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News Announcement -  6th August 2010

From forests to France: Longford timber firm gains valuable French contract

 

 

THE RAPID downturn in the Irish construction industry was the catalyst for timber-processing firm Glennon Brothers to make a profitable entry to the French market this year.
The Longford firm, established in 1913 and run by brothers Pat and Mike Glennon (right), enjoyed rapid growth on the back of the construction boom. Turnover grew from €8 million in 1991 to hit a peak of €70 million in 2007 and the firm now has five processing plants in Ireland and Scotland.
"To maintain operations at near full production, we have to export," says Mike Glennon. "The natural market for us is the UK but because we are a commodity business, we have huge exposure to currency exchange. We really needed to get into a euro market."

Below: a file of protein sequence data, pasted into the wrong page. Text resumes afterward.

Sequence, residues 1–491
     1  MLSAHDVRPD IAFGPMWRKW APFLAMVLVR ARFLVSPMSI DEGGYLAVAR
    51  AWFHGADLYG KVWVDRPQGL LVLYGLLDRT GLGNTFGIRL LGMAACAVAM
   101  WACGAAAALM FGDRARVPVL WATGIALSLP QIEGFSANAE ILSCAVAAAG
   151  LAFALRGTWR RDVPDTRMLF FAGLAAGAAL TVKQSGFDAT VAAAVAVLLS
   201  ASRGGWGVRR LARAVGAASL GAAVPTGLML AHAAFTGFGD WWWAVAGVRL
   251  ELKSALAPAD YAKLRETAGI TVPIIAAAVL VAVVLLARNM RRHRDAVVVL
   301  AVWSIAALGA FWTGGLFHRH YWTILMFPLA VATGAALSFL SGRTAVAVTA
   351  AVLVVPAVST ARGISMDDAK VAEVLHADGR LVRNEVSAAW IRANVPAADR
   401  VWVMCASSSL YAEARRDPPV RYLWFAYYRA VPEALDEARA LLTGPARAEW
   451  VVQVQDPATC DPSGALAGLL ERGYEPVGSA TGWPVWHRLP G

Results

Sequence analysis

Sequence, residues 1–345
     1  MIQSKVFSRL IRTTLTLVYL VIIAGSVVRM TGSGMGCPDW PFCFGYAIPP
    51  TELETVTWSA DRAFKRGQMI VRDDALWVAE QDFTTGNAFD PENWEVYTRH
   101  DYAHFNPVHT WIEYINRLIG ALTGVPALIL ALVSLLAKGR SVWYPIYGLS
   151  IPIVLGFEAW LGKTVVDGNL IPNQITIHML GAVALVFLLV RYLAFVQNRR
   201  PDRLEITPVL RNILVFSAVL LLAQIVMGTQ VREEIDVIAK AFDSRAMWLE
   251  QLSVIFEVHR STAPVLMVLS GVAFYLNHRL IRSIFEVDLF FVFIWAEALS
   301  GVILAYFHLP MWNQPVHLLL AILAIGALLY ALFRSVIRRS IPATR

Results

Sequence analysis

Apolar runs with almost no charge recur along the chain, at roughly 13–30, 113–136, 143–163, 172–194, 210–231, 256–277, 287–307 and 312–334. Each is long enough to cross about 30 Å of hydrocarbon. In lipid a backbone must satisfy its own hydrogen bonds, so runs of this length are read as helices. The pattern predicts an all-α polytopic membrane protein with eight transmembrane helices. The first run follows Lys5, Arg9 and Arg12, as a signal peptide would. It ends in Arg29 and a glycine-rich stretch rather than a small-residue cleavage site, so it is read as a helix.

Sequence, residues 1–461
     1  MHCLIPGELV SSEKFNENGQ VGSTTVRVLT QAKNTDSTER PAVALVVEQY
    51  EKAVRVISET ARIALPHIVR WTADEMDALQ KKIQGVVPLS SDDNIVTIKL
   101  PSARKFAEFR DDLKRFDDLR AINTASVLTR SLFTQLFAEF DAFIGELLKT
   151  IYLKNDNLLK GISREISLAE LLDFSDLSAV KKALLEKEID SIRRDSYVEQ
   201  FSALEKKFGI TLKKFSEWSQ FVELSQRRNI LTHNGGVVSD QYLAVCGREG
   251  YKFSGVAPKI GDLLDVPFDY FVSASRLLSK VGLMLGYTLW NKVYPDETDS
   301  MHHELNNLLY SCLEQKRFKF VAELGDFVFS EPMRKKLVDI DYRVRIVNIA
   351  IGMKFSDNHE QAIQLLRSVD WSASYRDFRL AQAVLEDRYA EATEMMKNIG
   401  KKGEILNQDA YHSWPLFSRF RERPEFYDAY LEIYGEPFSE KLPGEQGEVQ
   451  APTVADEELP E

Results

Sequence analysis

Through existing contacts, the firm identified a French timber importer who, while initially sceptical of the quality of product from Ireland and Britain, agreed to visit one of the Glennon plants in Scotland.
From there the relationship grew, with Glennon Brothers signing a deal to ship €1.5 million worth of timber to France at the end of last year. It is understood to be the first time that timber has been exported from Britain or Ireland to France.
By identifying a niche for wood lengths that large suppliers in Scandinavia could not or would not supply, the business has now grown to more than €3 million in revenues.
"The business came at a time, the tail end of last year and first quarter this year, when we normally have a seasonal slowdown," says Glennon. "It has kept us on a five-day week."
Although Glennon admits he has had limited exposure to the French market, he says business decisions seem to take longer. "The French like to form a relationship with you, although price is also an important consideration."
Although Glennon Brothers has looked at other markets such as the Benelux countries, Glennon says the firm is likely to continue to focus on France when the exclusive contract with the importer finishes at the end of the year.
"France is going so well for us we don't want to over-commit," he says.
JOHN COLLINS

 

 


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